SOCIAL SECURITY 2023 UPDATE SSI FOR NYS RESIDENTS Individual $1,001/month Couple $1,475/month MAXIMUM TAXABLE…
** This article has been revised from its original version which was published on February 11, 2019.
The Right of Election of a surviving spouse of a New York decedent has been in existence since September 1, 1930. Prior to the enactment of New York’s Right of Election law, a surviving spouse possessed outdated dower and curtesy rights. Today, if a surviving spouse inherits less than one-third of the net estate, the surviving spouse has a Right of Election.
Our NY estate planning attorneys answer five frequently asked questions regarding the Right of Election of a surviving spouse:
1. What is New York’s Spousal Right of Election?
The surviving spouse of a New York decedent dying on or after September 1, 1992, has a personal Right of Election to the greater of $50,000, or one-third of the decedent’s net estate, calculated at the decedent’s date of death. This amount is known as the Elective Share.
The surviving spouse has the Right of Election unless the right is waived, is not timely asserted, or if the surviving spouse engaged in disqualifying conduct such as:
- Failure to support
2. How is the Spousal Right of Election Exercised?
The surviving spouse must serve a Notice of Election upon the executor or administrator and record the original with the Surrogate’s Court. The Right of Election must be exercised within six months of the issuance of Letters Testamentary or Letters of Administration appointing an executor or administrator.
The court can extend the time to file the Notice of Election for six months and can grant further extensions with reasonable cause, but not beyond two years after the decedent’s death.
3. How is the Elective Share Calculated?
The decedent’s net estate is calculated by including all probate assets (passing under a Last Will and Testament or via Intestacy) and certain non-probate assets (passing by operation of law), less debts, estate administration expenses, and funeral expenses. Estate taxes aren’t deducted. These non-probate assets are known as Testamentary Substitutes.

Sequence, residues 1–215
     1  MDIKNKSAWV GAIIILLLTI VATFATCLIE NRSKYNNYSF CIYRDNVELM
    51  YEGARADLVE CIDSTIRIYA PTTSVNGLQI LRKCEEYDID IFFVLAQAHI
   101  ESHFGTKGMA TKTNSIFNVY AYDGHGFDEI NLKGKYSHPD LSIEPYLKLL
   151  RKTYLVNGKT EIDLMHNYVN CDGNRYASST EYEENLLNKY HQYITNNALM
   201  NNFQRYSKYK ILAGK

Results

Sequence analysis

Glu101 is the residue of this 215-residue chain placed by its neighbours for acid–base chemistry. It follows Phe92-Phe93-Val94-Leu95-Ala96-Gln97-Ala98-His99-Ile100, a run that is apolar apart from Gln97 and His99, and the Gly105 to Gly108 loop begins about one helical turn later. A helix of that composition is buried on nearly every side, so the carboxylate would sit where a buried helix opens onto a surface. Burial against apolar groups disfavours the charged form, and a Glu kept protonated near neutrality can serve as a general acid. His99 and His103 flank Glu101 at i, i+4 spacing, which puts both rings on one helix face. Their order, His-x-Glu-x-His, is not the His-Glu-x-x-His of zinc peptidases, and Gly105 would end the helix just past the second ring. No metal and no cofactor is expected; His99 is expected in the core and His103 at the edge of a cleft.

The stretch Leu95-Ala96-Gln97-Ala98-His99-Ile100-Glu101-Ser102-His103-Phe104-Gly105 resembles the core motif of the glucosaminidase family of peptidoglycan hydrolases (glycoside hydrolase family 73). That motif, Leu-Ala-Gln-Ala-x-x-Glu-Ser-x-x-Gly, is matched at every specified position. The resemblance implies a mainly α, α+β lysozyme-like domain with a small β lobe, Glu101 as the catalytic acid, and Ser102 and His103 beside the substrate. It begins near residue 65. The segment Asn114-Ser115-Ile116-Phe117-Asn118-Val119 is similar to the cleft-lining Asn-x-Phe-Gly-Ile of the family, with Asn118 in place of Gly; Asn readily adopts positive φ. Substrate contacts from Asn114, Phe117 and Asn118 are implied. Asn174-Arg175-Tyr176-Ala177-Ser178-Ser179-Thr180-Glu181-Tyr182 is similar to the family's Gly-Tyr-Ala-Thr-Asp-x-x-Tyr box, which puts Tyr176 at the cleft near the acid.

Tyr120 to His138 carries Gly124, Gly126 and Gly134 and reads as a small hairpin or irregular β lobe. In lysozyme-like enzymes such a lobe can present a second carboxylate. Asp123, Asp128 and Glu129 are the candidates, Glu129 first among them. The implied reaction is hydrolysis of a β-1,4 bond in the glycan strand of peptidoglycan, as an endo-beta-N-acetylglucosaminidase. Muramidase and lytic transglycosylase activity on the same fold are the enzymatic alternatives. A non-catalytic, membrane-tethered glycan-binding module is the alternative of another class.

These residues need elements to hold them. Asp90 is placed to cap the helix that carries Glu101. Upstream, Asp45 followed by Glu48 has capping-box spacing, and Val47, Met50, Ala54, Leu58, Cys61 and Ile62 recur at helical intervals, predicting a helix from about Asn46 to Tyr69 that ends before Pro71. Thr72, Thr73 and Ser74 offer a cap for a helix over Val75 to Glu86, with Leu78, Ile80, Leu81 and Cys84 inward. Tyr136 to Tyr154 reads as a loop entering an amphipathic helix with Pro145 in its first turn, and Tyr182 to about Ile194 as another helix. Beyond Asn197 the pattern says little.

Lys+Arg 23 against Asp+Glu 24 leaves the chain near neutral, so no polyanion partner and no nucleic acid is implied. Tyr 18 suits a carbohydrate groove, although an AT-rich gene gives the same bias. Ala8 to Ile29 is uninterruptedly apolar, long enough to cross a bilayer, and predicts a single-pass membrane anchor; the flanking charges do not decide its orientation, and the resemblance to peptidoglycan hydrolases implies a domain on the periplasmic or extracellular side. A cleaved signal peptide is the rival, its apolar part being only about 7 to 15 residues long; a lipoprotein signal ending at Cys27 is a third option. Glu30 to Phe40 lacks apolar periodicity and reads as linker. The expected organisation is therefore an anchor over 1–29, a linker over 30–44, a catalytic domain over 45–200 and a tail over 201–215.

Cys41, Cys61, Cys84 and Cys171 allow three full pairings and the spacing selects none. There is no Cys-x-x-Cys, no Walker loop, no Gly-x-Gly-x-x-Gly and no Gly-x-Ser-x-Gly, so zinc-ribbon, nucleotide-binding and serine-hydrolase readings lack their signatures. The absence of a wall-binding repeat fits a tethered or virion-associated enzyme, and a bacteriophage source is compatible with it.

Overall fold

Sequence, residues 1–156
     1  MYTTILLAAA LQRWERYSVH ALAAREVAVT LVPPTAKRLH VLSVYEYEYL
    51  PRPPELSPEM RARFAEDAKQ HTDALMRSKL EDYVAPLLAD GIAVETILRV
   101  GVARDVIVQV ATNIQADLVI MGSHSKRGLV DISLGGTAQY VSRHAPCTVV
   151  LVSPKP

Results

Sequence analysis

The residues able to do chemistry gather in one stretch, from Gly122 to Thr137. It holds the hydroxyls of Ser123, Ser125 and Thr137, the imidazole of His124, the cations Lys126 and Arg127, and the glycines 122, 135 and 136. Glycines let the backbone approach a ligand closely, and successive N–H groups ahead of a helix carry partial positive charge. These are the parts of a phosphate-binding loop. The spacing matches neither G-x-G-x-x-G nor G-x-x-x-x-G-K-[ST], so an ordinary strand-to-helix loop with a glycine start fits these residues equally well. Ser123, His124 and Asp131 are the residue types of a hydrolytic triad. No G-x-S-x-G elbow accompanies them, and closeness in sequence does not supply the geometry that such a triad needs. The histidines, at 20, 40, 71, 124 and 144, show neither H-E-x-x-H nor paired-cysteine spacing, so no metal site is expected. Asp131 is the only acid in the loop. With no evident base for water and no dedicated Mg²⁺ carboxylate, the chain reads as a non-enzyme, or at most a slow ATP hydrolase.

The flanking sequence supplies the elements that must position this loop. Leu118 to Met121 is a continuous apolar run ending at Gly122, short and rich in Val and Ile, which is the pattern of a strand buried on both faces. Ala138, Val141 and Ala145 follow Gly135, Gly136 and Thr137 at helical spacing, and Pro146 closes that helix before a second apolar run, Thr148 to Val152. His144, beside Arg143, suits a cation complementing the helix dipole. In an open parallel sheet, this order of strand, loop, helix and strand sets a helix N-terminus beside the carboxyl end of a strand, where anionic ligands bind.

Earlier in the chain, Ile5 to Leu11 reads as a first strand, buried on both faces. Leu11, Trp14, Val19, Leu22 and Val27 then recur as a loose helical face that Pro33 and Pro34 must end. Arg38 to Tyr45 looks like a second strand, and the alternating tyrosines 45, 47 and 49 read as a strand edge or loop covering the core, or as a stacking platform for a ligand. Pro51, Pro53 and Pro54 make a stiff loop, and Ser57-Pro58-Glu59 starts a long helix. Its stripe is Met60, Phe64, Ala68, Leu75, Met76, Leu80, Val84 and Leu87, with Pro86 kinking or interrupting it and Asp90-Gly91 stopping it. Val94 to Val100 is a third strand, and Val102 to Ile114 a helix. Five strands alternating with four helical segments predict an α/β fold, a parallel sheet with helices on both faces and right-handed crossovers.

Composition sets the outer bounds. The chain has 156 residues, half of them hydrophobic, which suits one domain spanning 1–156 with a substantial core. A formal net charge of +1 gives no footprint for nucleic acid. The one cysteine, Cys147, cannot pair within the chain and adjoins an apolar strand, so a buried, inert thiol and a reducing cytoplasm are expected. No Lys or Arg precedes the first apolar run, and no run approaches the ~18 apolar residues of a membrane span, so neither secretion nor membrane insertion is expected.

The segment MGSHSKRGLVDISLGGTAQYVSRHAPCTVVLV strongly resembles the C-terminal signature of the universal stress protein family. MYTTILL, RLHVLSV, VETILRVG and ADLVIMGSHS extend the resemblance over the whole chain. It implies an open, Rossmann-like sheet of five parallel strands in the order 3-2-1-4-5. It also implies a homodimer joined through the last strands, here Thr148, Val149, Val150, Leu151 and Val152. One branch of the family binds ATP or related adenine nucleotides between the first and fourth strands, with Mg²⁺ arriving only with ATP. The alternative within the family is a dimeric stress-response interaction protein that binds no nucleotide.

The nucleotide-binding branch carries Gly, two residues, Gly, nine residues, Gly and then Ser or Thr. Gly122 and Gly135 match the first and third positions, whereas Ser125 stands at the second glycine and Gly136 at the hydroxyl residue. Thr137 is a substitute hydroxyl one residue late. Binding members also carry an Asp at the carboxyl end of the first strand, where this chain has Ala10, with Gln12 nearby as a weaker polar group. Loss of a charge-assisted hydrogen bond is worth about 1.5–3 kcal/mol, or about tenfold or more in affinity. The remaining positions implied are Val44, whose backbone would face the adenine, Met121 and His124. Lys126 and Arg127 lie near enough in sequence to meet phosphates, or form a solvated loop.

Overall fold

The surviving spouse is not entitled to interest on the Testamentary Substitutes during the estate administration process or to the specific property. The surviving spouse is entitled to receive money representing the date of death value of the property on a pro-rata basis from the beneficiaries.
4. What are Testamentary Substitutes?
- Gifts made in contemplation of death (revocable gifts which are subject to surviving a stated contingency)
- Outright gifts made in the last year of the decedent’s life (excluding annual exclusion gifts and gifts of direct tuition and medical payments)
- Totten Trusts (“In Trust For” bank accounts)
- Jointly owned property (including U.S. savings bonds and securities) to the extent of the decedent’s contribution:
- Certain pension and retirement plans
- Certain lifetime trusts and contracts (including annuities but excluding life insurance)
- General powers of appointment
5. Which Assets Received by a Surviving Spouse are Credited Toward the Satisfaction of the Elective Share?
Only absolute dispositions of property passing from a decedent to a surviving spouse will be credited toward the satisfaction of the Elective Share. An example of an “interest passing other than absolutely” is property that doesn’t consist of the decedent’s entire interest or interest in a trust or a trust equivalent created by the decedent. An example of a trust equivalent is a legal life estate in real property.
It’s easy to get confused about estate law and your spousal rights. Russo Law Group, P.C. can provide professional services to advise you. We invite you to take advantage of our comprehensive website as well as our free seminars and webinars to learn more about us. Please do not hesitate to contact us for a consultation with a NY estate planning attorney.